Preamble / Objectives (Optional):
This course helps understand the challenges and opportunities associated with managing
transboundary water resources and also in building capacity in hydro negotiations. The course
introduces the basic concepts of transboundary waters along with the water dispute/war debates.
Transboundary negotiation, cooperation, conflict prevention and mitigation are discussed using
analytical frameworks developed to understand the conflict-cooperation relation. The course will
also examine the international laws and how legal principles and rules can promote water
interaction and cooperation. Furthermore, contemporary issues related to transboundary water
conflict and cooperation will be discussed using case studies from South Asian river basins.
Course Content/ Syllabus (as a single paragraph if it is not containing more than one subject. Sub-topics/ Sections may be
separated by commas(,). Topics may be separated by Semi-Colons(;). Chapters may be separated by Full-Stop(.). While
starting with broad heading, it may be indicated with Colon symbol before the topics. For example: Multi-variable Calculus:
Limits of functions, Continuity, …… )
Political Economy of Transboundary Waters: Food, energy, water and livelihood security
asymmetric endowment and asymmetric power, hegemony and critical hydro politics, dynamics
of sovereignty, cooperation, continuum and conflict conflagration, principles of benefit sharing;
Hydro Diplomacy and Negotiations: Public and popular, bilateral vs. multilateral, two track vs.
multi-track, cross-border civil society networking; International Water Law and Transboundary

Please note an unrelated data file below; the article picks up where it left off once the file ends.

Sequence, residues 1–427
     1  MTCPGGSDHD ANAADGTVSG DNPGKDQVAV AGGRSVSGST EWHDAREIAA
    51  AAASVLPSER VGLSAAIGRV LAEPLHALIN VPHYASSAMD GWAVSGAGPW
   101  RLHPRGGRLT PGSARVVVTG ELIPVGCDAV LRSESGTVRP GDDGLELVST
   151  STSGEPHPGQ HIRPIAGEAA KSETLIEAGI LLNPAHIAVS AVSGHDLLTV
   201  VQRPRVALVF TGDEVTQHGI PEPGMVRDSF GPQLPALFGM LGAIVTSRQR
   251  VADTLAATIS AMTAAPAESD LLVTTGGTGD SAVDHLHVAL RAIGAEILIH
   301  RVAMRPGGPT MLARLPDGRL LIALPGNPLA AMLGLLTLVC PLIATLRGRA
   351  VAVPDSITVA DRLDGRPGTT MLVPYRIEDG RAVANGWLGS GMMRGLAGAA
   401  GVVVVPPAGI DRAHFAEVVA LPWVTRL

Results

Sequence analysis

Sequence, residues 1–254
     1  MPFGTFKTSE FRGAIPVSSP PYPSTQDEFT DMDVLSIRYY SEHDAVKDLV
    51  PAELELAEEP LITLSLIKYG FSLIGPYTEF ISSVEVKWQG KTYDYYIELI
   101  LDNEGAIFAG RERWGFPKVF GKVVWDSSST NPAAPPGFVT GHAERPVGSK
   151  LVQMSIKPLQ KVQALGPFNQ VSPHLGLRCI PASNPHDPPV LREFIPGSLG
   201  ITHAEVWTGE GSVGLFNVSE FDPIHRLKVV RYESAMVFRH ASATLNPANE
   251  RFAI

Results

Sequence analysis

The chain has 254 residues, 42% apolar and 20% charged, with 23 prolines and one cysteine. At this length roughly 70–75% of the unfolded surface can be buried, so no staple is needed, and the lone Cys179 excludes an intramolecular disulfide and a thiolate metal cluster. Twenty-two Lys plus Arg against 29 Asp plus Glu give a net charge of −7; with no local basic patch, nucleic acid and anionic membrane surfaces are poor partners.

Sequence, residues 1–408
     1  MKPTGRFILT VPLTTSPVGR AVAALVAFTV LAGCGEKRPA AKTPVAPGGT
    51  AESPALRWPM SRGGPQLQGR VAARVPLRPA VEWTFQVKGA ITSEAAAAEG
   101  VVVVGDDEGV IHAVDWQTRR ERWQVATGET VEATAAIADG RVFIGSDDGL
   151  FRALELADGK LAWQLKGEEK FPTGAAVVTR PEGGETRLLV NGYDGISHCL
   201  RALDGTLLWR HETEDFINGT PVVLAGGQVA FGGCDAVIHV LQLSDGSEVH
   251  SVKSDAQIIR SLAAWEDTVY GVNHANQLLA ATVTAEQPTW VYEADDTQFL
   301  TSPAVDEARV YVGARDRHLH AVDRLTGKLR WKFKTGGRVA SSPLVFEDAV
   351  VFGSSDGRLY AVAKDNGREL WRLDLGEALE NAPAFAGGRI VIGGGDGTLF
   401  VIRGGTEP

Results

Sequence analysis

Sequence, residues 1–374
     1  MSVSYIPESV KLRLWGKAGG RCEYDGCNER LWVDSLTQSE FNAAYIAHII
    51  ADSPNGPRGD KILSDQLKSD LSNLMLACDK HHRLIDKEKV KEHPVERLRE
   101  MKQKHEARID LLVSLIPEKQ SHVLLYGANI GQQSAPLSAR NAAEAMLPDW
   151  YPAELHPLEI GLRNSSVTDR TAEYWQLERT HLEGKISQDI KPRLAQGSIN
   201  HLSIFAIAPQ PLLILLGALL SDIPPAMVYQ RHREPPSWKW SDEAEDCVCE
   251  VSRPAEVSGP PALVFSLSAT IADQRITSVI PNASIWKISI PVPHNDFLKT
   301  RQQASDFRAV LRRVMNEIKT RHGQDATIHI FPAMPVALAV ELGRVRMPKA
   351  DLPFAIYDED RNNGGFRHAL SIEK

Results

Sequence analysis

Institutions: Concepts, evolution and development of international water law, international
treaties and conventions, water law regime; Trans-boundary River Management in South Asia;
Conflict and cooperation, environmental, socio-economic and geo-political issues, basin
approach and augmentation Issues.
Books (In case UG compulsory courses, please give it as “Text books” and “Reference books”. Otherwise
give it as “References”.
Texts: (Format: Authors, Book Title in Italics font, Volume/Series, Edition Number, Publisher, Year.)
References: (Format: Authors, Book Title in Italics font, Volume/Series, Edition Number, Publisher, Year.)
1. Jeroen Warner & Rein de Man, Powering hydro-diplomacy: How a broader power palette can deepen our understanding of water conflict dynamics, Vol. 114, pp. 283- 294, Environmental Science and Policy, 2020
2. Medha Bisht, From the Edges of Borders: Reflections on Water Diplomacy in South Asia, Vol. 21, Issue 6, pp.1123 – 138, Water Policy, 2019
3 Anton Earle, Transboundary Water Management: Principles and Practice, Earthscan, 2013
4 Naho Mirumachi, Transboundary Water Politics in Developing World, Routledge, 2015
5 Christina Leb, Cooperation in the Law of Transboundary Water Resources, University Press, Cambridge, 2013
6 Mark Zietoun, and Jeroen Warner, Hydro-hegemony–a framework for analysis of trans-boundary water conflicts, Vol. 8, pp. 435-460, Water Policy, 200
Academic Complex Block F Department of Humanities and Social Sciences Indian Institute of Technology Guwahati Guwahati, Assam, 781039 India